Coronavirus Fact vs. Fiction | Brown School at Washington University in St. Louis
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Coronavirus Fact vs. Fiction

Public Health; Faculty

As the coronavirus continues to spread across the nation, a number of false conclusions and rumors have spread with it. Three epidemiologists in public health at Washington University in St. Louis separate truth from myth.

The following information is from Alexis Duncan and Kim Johnson, associate professors, and Christine Ekenga, an assistant professor, all in the Brown School.

The numbers of cases in my area are low, so I don’t have to worry. This is false. When testing is limited, the number of reported cases is likely a fraction of the actual number of infected people who can transmit the disease, making it important for everyone to comply with social distancing measures.

Males are more likely than females to have more serious complications from COVID-19. So far, this is true. Evidence from six countries indicates that the ratio of males to females who have died of COVID-19 ranges from 1.1 to 1.9.

The virus will go away with warmer weather. This is currently unclear. If COVID-19 behaves like other corona viruses, there may be a seasonal pattern with lower transmission in the summer. An excellent analysis of this question is provided by Marc Lipsitch of Harvard’s T.H. Chan School of Public Health.

Children are only carriers for COVID-19 — they don’t get sick. Although adults appear to be at higher risk for COVID-19, infants and children can — and do — get sick from COVID-19. Symptoms in children are generally mild, but children with underlying medical conditions can develop severe illness. It is important to keep in mind that children who have been infected with COVID-19 can pass on the illness to others, even if they themselves only have mild symptoms or are asymptomatic.

I am young and healthy, so I don’t need to be concerned about COVID-19. It is true that overall younger people have been less likely to sustain severe symptoms and die from COVID-19 compared with older people; however, younger people are not immune to severe illness and death from COVID-19. In a study of COVID-19 cases in the U.S. from Feb. 19 to March 16, 20% of all hospitalized cases and 12% of hospitalized cases in ICUs were aged 20-44 years old, with an estimated case-fatality rate of .1 to .2%.

Coronavirus is “just the flu.” Symptoms of COVID-19 and influenza may be similar, but COVID-19 spreads more easily, causes more severe illness and is deadlier than either the seasonal flu or the 2008-09 swine flu (H1N1). At this point in time, there may have been more seasonal influenza cases and deaths worldwide this winter than from COVID-19; however, COVID-19 cases and deaths have been increasing at an exponential rate and will likely surpass the number of influenza cases and deaths before long unless we can curb the spread of the virus.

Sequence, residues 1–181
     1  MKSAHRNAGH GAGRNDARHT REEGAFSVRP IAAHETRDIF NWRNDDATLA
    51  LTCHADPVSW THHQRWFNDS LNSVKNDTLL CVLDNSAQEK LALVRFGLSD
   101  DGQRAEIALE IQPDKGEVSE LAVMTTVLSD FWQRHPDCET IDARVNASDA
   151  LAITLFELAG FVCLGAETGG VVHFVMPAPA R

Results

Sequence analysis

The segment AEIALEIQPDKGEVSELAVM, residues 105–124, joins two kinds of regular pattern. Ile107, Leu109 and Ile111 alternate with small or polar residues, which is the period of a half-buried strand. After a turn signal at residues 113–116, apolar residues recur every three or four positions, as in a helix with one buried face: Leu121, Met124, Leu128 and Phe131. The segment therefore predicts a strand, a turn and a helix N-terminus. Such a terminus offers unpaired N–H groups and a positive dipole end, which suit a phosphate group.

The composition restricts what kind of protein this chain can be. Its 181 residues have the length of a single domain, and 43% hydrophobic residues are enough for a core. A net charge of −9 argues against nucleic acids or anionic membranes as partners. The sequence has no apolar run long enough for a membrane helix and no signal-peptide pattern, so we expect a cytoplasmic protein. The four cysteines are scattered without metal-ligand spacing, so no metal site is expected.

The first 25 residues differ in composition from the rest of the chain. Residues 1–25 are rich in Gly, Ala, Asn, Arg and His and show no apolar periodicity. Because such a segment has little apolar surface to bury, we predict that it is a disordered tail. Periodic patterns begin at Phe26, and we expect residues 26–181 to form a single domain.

A couple of weeks of social distancing can stop the spread. While social (or physical) distancing measures may slow the spread of the virus, they won’t alleviate the stress on our health care systems if they are ended too soon. Premature termination of these measures could also lead to a resurgence of cases when people resume their daily activities.

Blacks are immune to coronavirus. Early reports of low rates from African countries led to this false rumor. Unfortunately, recent data suggest that coronavirus is spreading in Africa. Here in the U.S., we have limited data as the Centers for Disease Control and Prevention has yet to publish a demographic breakdown of coronavirus testing, cases and deaths. We do know that coronavirus disproportionately affects people who have comorbidities and, given the well-documented racial disparities in both access to and quality of care in the U.S., there is reason to believe that African-Americans may be an at-risk population for poor outcomes.

Public health can defeat the coronavirus. There is still time to reduce and stop the transmission of coronavirus and save lives, but we need to act soon. A coordinated expansion of testing will allow epidemiologists to track the spread of the virus, and increased production of personal protective equipment will provide much-needed protection for health care and other essential workers. While we learn more everyday about this novel coronavirus, prevention remains a fundamental principle of public health. People of all ages can reduce their risk of exposure to the virus by practicing good hygiene and social distancing.